Lewis Hamilton and Toto Wolff are more or less happy with the transparent FIA Report on 2021 Abu Dhabi GP which closes out the chapter.

It’s been three months since the flag dropped to signify the end of the World Championship in 2021 and Max Verstappen won the title in what must be deemed to have been the most controversial title finish in the Sports history.

Now, the 2022 season is upon us and 14 weeks on from Abu Dhabi, the report of “that” race and “that” last lap “moment” has been finally published. The timing to publish will be seen with rolling eyes, but nonetheless two of the chief protagonists of that weekend; Wolff and Hamilton have kinda moved on.

Hamilton hadn’t read the full report at the time of speaking, but he was happy with the FIA releasing the report and bringing in the changes after noting of human error. He wasn’t expecting any apologies as his fans were demanding.

“Honestly, I haven’t seen the report,” said Hamilton to written media. “I saw it from a distance, but I’ve not read it. I’ve been focused on getting the job done [on track]. I will read it, maybe after the weekend or something like that. Look, I wasn’t expecting an apology, and it’s not really something I’m really focused on.

“We know that’s the way it is, and that wasn’t going to probably happen. The fact is that at least there is that transparency admitting it’s a human error. That’s a positive step. We can’t go back, unfortunately, and change the past. So, I just work at focusing on doing what I can do now, and trying to shape the future, working with this team, trying to get this car into a window. We’ve got a bit of work to do with Mercedes engineers,” summed up Hamilton.

Regarding the team of two FIA Race Directors of Neil Wittich and Eduardo Freitas this year and the different approach he is expecting, Hamilton reckoned that being in the sport for so long, he can only expect that they keep learning. On Wittich’s approach thus far in Bahrain GP, the Brit felt it was straightforward and sensible.

“Look, I’ve been racing for 29 years,” started Hamilton. “Stewards, they’re very much often quite similar I would say. They do the job, and there’s learnings from the past, and they apply it year on year. I think the best race director I ever had was Charlie.

“Obviously, we miss him. But we welcome our new one. His approach seemed very straightforward, very sensible. I look forward to hopefully seeing him apply rules fairly moving forwards. Hopefully a clean year,” summed up Hamilton.

From Wolff’s side, he has moved on as well and if anything is satisfied with the end result of same and that is positive to see. Coupled with the fact that Mercedes as a team have had their gremlins to contend with as they adjust to the new rules for 2022 and are going about channelling their energies into that.

“It’s a massive step change to what we have seen before and whether the report is complete or not, weak or hard,” said Wolff to written media. “To release it is a good step forward in terms of governance.  And you can read it either way. I think for us there is the sentence of the words that say human error and human error is the acknowledgment of this and I think it is very important and now we close the chapter.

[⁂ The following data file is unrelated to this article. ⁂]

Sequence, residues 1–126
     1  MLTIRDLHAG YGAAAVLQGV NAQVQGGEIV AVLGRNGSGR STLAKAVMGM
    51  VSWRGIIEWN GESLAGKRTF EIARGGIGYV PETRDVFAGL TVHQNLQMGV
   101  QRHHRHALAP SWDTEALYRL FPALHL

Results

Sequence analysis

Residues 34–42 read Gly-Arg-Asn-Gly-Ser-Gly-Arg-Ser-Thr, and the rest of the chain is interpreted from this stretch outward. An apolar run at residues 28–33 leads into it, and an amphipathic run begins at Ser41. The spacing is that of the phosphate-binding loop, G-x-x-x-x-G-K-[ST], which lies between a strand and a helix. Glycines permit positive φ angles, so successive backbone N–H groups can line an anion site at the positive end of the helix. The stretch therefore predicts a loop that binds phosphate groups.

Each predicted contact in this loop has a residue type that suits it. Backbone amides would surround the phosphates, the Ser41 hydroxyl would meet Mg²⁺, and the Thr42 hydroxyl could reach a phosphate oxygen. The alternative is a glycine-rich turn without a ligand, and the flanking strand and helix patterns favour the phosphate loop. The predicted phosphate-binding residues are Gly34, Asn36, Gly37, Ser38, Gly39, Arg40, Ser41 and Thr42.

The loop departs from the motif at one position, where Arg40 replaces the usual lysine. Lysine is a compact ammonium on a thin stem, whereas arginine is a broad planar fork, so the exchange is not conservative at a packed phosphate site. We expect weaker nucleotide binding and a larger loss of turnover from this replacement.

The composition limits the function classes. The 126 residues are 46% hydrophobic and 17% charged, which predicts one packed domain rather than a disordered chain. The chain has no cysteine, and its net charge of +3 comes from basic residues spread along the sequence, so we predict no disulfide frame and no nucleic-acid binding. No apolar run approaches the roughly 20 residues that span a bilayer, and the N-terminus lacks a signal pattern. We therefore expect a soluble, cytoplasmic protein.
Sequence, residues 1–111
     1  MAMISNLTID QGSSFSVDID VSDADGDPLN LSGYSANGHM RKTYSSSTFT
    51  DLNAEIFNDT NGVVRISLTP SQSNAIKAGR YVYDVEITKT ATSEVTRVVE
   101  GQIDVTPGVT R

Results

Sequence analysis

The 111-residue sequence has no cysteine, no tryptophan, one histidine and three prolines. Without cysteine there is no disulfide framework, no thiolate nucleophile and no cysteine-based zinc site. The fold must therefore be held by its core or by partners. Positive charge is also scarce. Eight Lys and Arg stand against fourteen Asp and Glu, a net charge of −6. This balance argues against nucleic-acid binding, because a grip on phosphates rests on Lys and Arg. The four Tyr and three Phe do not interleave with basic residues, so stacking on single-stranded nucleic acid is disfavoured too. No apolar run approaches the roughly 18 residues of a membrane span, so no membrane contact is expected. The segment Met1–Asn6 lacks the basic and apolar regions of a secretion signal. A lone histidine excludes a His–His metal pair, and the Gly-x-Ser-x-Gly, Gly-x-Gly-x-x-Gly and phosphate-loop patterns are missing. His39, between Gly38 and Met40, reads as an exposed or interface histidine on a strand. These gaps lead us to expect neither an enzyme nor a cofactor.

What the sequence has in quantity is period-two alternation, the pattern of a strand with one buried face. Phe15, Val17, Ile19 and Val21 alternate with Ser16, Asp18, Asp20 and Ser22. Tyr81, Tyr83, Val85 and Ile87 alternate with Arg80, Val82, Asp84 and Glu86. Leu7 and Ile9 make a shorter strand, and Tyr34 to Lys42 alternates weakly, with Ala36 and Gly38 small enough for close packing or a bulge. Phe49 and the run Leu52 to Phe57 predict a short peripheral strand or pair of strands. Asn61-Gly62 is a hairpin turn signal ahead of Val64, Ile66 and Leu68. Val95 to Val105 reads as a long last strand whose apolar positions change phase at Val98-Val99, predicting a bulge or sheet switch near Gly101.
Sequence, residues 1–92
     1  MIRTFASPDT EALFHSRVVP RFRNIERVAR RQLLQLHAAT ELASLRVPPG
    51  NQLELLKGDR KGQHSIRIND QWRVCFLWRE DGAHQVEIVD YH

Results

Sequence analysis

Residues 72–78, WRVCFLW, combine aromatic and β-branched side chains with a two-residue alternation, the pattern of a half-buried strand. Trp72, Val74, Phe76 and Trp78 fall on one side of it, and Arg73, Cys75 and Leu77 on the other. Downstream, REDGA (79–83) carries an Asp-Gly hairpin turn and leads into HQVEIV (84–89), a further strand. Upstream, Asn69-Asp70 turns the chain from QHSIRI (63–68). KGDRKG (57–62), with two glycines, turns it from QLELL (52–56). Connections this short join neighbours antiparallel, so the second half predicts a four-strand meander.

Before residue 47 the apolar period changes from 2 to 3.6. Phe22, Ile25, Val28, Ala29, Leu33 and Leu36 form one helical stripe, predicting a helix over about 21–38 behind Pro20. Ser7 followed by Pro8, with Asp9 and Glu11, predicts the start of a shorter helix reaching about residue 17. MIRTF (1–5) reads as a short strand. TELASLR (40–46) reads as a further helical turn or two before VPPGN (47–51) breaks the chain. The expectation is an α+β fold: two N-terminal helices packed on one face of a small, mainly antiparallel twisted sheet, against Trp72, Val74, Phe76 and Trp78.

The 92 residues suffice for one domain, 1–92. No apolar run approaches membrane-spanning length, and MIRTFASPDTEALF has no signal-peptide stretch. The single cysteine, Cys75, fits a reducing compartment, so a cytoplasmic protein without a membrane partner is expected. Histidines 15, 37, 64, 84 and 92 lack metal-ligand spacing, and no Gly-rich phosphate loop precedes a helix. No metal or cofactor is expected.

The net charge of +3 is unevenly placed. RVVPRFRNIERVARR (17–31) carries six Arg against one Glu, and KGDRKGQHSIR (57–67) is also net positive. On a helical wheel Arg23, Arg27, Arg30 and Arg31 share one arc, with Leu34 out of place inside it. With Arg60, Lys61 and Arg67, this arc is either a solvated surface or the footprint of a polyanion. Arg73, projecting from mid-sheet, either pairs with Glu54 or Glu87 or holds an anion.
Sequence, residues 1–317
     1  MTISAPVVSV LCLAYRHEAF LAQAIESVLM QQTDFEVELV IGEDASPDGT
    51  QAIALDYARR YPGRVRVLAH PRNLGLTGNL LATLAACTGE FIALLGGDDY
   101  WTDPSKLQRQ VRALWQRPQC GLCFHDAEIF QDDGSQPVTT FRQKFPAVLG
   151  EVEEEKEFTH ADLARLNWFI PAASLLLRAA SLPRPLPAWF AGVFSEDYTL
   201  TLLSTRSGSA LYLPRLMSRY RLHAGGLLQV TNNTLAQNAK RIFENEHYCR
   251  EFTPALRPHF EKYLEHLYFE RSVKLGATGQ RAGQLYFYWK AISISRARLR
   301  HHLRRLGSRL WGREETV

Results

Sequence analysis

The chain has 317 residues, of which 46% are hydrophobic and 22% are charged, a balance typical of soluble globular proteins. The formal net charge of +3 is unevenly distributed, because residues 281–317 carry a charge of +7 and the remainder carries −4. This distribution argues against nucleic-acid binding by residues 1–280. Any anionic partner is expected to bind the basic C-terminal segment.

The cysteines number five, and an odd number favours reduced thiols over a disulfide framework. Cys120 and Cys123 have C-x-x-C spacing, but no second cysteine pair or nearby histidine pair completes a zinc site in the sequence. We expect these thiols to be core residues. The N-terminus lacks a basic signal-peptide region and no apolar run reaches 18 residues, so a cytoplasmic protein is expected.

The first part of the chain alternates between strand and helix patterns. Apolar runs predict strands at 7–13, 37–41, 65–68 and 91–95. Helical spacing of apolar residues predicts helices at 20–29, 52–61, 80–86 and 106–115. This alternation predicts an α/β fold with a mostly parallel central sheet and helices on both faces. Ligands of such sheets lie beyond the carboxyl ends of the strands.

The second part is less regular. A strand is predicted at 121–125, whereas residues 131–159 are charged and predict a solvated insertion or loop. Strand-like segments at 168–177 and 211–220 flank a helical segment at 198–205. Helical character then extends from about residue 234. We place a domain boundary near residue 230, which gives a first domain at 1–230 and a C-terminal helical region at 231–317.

“You know I’d come out today and I’d not been thinking about Abu Dhabi any since our car has proved to not be competitive on the track for this year,” summed up Wolff. When pressed on to talk about if the report has enough in place for the FIA to rectify its own mistakes like that seen in Abu Dhabi.

Wolff added: “We need to see the step change that has been made by releasing the report line by line. Now if you say we can look at this application or exact wording, I’m happy that the report shows transparency. I know from my conversations with Mohammed that he’s very resolute in putting in a system that is prone to less mistakes.

“Is good and clever that there is a virtual race room back in the FIA offices and I think this is what counts because dwelling about Abu Dhabi doesn’t make my or our life any easier at all, it happened.  The trophy is in somebody else’s trophy cabinet and that’s it, chapter closed and I think the FIA will have learnt how things should not be handled.”

It was a challenging situation three months ago. With new rules and new cars and hopefully closer and more open racing, the hope is for a fresh start and less controversies. In fact, FIA President Mohammed Ben Sulayam spoke on the report and the future. Regarding, Michael Masi, he noted that they are in talks to keep him within the governing body.


Here’s what the FIA Report and conclusions stated

Here’s F1 2022 social media numbers

Here’s all the details of teams and drivers ahead of 2022

Here’s the latest update to FIA Sporting Regs for 2022

Here’s F1 2022 sponsor list